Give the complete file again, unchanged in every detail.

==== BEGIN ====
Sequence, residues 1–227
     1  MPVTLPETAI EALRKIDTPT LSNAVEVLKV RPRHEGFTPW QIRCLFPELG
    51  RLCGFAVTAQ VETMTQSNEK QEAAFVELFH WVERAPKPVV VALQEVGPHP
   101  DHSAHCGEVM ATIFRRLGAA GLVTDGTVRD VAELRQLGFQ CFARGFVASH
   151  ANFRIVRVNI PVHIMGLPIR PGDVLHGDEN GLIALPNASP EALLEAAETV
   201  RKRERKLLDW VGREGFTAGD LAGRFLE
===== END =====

Sequence, residues 1–227
     1  MPVTLPETAI EALRKIDTPT LSNAVEVLKV RPRHEGFTPW QIRCLFPELG
    51  RLCGFAVTAQ VETMTQSNEK QEAAFVELFH WVERAPKPVV VALQEVGPHP
   101  DHSAHCGEVM ATIFRRLGAA GLVTDGTVRD VAELRQLGFQ CFARGFVASH
   151  ANFRIVRVNI PVHIMGLPIR PGDVLHGDEN GLIALPNASP EALLEAAETV
   201  RKRERKLLDW VGREGFTAGD LAGRFLE